What it really means to be responsible for your own career

Guest post by James Wallace of extroverteddeveloper.com

You are responsible for your own career.

We’ve probably all heard that phrase before. You may have even seen some advice about what it means. I’ve found that most of that advice revolves around networking and visibility or self-advocacy.

Instead, today I’m going to write about what this means when it comes to decision-making.

Making decisions that serve your career

I am from a time in the computing industry when folks had offices and cubicles. We worked in pretty quiet environments and had a considerable amount of space compared to today. While generally I think it’s been a terrible descent into open office madness as an industry, I knew it was here to stay. So the question arose: How am I going to be successful and grow in my career in this new environment?

The evidence is pretty clear that open offices have been detrimental to overall knowledge worker effectiveness. (Hmm, I wonder if that’s why so many want to work from home?) And companies have largely left it up to individual employees to figure out how they’re going to thrive in an open office. That’s what I mean in this post when I say, your career is in your hands.

You might be thinking that when the companies took away our cubicles, it was then their responsibility to buy us headphones so we could continue concentration-heavy work. Some did. Most didn’t. So now what? What should you do if you find yourself in an open office environment, distracted by all the noise around you? By now I think the industry has landed on an answer: You should buy the best noise-isolating headphones you can afford. Why? Because it will increase your productivity, and a single promotion more than pays for the headphones.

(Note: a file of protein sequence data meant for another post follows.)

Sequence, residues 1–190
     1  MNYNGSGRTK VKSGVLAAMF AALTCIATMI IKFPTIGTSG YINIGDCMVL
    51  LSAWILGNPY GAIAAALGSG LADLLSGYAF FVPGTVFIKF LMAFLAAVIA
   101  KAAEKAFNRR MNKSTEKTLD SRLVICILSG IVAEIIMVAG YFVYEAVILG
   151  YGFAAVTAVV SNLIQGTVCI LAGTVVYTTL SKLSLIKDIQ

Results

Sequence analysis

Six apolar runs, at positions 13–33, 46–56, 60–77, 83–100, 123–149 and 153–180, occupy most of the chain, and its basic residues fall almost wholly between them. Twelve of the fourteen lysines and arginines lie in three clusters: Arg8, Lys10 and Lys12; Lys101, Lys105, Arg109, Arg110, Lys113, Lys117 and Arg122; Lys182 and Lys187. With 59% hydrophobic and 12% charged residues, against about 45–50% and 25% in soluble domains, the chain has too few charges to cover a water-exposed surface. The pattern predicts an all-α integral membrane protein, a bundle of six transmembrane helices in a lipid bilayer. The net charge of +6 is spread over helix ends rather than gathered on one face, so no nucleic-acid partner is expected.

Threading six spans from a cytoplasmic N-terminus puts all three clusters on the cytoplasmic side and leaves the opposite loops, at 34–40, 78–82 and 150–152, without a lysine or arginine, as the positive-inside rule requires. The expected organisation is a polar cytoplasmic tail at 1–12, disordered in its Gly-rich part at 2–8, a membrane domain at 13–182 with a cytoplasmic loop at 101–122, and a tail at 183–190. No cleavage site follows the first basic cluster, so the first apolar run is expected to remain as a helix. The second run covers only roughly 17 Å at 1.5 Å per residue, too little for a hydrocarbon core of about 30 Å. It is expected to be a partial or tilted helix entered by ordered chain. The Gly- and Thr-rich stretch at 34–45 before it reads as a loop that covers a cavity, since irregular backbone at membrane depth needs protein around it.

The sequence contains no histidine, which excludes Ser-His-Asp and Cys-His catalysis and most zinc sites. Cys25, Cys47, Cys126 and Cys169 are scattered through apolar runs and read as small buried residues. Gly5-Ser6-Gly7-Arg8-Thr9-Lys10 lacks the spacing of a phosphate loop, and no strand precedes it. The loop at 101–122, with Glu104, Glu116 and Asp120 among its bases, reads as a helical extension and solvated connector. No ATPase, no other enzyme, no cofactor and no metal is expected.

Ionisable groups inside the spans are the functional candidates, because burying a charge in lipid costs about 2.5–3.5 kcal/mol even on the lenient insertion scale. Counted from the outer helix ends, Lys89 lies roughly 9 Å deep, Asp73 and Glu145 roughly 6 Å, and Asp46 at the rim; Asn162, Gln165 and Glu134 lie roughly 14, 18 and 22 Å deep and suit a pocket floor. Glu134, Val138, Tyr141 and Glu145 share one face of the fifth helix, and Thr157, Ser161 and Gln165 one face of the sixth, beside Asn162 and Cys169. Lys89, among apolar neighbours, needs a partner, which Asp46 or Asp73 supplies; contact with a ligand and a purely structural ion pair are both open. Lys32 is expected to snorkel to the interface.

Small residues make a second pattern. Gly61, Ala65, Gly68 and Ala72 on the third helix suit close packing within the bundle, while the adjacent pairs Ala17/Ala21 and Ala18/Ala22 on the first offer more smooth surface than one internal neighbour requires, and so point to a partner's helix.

Owning your career in a remote work world

We’ve entered a new era of change in our industry: the rise of remote work. Just like with cubicles before, there are some benefits, but also many costs to being fully remote. Who should bear the brunt of those costs?

In the office, the company provides the best possible internet service it can get. Further, it provides a fail-over internet service, just in case the first connection goes down, because everyone knows how important internet connectivity is for everything we do.

Now that you’re home, is the internet still as important? Is it more important, since it’s the lifeline you maintain back to the company? It seems to me that something so important, where if it goes down you can’t do your job, should be taken very seriously. As such, I have dual internet service providers at home: a fast fiber connection and a fail-over cable connection, along with an in-home enterprise grade wifi network. Because I was remote for 6 years, and the internet is how I made money for my family. The decision to make these investments was easy.

The next thing that’s dramatically different in a remote world: whiteboards have effectively disappeared. I have personally found collaborating at a whiteboard to be very beneficial. Turns out, there’s some great virtual whiteboard apps (Jamboard from Google, Whiteboard from Microsoft, etc.) that work great with an iPad and a iPencil. Another benefit of the latest iPad Pro is that it has very nice camera tracking, freeing you from having to worry about whether you’re in frame when on a video call. So… should you drop $1,000 on an iPad and iPencil to get team whiteboarding capability back? I did.

Invest in yourself and your own productivity, and if the company will reimburse you, great! If not, they’ll reimburse you with a promotion.

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